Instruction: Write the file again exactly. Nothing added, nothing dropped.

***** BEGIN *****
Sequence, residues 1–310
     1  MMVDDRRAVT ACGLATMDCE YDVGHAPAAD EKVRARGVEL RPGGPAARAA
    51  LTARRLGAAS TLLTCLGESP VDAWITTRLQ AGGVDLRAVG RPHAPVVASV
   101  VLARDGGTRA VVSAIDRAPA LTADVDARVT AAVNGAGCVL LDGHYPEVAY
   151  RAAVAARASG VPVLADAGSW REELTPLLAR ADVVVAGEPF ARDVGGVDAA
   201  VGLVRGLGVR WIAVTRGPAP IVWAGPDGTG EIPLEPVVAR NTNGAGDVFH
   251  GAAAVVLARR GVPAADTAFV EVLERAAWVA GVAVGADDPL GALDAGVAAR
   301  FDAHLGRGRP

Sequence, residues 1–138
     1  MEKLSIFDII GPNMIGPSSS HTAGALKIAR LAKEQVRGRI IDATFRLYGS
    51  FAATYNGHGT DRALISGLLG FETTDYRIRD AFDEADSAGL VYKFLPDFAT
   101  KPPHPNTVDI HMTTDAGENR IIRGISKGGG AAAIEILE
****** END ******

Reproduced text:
Sequence, residues 1–310
     1  MMVDDRRAVT ACGLATMDCE YDVGHAPAAD EKVRARGVEL RPGGPAARAA
    51  LTARRLGAAS TLLTCLGESP VDAWITTRLQ AGGVDLRAVG RPHAPVVASV
   101  VLARDGGTRA VVSAIDRAPA LTADVDARVT AAVNGAGCVL LDGHYPEVAY
   151  RAAVAARASG VPVLADAGSW REELTPLLAR ADVVVAGEPF ARDVGGVDAA
   201  VGLVRGLGVR WIAVTRGPAP IVWAGPDGTG EIPLEPVVAR NTNGAGDVFH
   251  GAAAVVLARR GVPAADTAFV EVLERAAWVA GVAVGADDPL GALDAGVAAR
   301  FDAHLGRGRP

Sequence, residues 1–138
     1  MEKLSIFDII GPNMIGPSSS HTAGALKIAR LAKEQVRGRI IDATFRLYGS
    51  FAATYNGHGT DRALISGLLG FETTDYRIRD AFDEADSAGL VYKFLPDFAT
   101  KPPHPNTVDI HMTTDAGENR IIRGISKGGG AAAIEILE